Drain the liquid and save it in a bowl. You now have a poor man’s stock. (real stock would have onions and vegetables in it, but you will add those to your soup)
Pick out all the meat and toss into bowl with stock and discard bones and skin and fatty parts. Or have your kid do this.

Sautee 1 large onion or 2 small onions and a few cloves of garlic in the same pot you made your stock.
Add in your stock/chicken you saved in a bowl. (depending on how much water you added you might not need all of it—you can save some for other stock uses—it freezes well)
Add in chopped swiss chard or other greens (bok choy, spinach, kale)
Add in chopped mushrooms
Add in soy sauce to taste. I used the annoying little packets that were floating around in the back of the fridge.
Add in spice—cayenne, chili powder, a dash of thai chili paste, etc
I didn’t have ginger, but ginger would be good here.
If you are eating carbs, add in udon (uconn) noodles.

Top with cilantro, lime juice.  

The awesome thing about making chicken soup is you can have a completely different recipe with the same process if you add in carrots, celery, peas, and turnips with thyme and oregano and take out the veggies and soy sauce above. Super traditional chicken soup. Or add in black beans, tomatoes, corn, peppers, and onions for a tortilla soup. And they all give you a lot of soup to eat/freeze with something that could be easily be tossed.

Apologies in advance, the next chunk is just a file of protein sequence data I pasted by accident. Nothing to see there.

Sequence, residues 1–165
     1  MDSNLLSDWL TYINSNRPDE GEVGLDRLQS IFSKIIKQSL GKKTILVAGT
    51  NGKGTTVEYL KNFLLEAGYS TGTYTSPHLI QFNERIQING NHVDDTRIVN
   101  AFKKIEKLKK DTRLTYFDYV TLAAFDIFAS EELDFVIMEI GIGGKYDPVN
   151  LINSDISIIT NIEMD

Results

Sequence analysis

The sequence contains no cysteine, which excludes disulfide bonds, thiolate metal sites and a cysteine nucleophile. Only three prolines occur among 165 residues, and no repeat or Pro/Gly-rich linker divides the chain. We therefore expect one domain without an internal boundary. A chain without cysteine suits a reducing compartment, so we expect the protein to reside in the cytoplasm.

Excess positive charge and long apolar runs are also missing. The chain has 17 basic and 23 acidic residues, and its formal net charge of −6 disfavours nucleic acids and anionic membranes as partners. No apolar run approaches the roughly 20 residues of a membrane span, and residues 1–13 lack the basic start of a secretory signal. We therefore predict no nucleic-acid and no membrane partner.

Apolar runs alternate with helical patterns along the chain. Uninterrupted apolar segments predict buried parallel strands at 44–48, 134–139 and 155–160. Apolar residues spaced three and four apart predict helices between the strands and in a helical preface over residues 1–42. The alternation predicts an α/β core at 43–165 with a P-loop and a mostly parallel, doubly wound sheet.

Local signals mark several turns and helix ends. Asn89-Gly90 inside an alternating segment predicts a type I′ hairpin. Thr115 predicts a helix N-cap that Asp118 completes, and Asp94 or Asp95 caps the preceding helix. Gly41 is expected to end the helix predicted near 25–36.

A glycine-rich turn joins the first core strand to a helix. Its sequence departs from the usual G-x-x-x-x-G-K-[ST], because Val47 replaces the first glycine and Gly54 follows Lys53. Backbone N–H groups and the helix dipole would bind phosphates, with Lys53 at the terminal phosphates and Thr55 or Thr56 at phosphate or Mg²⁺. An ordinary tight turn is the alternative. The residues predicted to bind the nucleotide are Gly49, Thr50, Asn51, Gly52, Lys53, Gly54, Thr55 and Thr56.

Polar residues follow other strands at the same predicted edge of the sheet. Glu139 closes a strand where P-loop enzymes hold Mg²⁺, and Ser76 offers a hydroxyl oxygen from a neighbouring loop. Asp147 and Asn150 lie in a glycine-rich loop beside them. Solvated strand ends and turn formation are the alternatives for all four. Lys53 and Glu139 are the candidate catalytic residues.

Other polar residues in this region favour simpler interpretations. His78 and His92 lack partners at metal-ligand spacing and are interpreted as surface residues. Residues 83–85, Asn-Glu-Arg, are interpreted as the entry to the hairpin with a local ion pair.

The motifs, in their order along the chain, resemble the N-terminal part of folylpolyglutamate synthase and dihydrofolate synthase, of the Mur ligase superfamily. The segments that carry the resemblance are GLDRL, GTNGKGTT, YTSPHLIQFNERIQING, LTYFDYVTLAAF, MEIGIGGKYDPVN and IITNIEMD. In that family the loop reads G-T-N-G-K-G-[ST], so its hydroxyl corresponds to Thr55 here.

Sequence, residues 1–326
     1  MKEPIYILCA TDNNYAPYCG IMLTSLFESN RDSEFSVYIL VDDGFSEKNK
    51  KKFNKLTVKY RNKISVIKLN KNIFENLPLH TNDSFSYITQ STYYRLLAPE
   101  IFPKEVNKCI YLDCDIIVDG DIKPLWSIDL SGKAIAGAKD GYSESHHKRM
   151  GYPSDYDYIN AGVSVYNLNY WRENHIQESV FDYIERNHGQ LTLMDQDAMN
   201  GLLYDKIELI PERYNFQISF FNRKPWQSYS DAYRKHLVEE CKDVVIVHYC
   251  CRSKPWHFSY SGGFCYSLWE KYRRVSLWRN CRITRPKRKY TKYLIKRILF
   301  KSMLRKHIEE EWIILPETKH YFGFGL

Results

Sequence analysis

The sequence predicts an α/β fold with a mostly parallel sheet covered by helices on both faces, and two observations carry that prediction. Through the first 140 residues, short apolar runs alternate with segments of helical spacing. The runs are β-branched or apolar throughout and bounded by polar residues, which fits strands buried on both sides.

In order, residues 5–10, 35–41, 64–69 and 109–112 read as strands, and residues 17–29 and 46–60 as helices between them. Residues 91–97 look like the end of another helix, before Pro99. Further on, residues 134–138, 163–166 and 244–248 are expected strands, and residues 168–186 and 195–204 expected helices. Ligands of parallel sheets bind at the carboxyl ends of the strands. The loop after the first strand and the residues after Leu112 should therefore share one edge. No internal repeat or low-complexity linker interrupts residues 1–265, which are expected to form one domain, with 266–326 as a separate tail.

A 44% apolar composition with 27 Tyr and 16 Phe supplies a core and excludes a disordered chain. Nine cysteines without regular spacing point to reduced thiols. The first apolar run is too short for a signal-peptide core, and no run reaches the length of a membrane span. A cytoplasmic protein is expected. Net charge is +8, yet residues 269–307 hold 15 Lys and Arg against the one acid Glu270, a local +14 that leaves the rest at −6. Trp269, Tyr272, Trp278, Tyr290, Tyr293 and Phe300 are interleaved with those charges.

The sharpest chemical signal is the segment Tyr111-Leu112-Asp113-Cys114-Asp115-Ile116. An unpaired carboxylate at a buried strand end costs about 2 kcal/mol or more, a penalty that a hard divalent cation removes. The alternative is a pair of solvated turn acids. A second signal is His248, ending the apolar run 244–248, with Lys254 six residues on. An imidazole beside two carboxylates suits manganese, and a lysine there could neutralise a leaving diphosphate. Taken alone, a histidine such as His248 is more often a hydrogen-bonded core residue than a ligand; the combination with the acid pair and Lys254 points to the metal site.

Tuesday, April 08, 2014

Separated at Birth

(h/t to Clarence for pointing out the resemblance)

Monday, April 07, 2014

Relegate: Alive?

Please, please, please
When we last looked in on Fulham, the Cottagers were off to a mediocre start, sitting in 18th in the Premiership table having just sacked their manager. Now,with five league matches to play, they...sit in 18th in the Premiership table having recently sacked their manager (again).

While the tight battle at the top of the Premiership has justifiably received a great deal of attention, there's arguably more action down below. With just over a month remaining in the season, ten teams are within 12 points at the bottom of the table.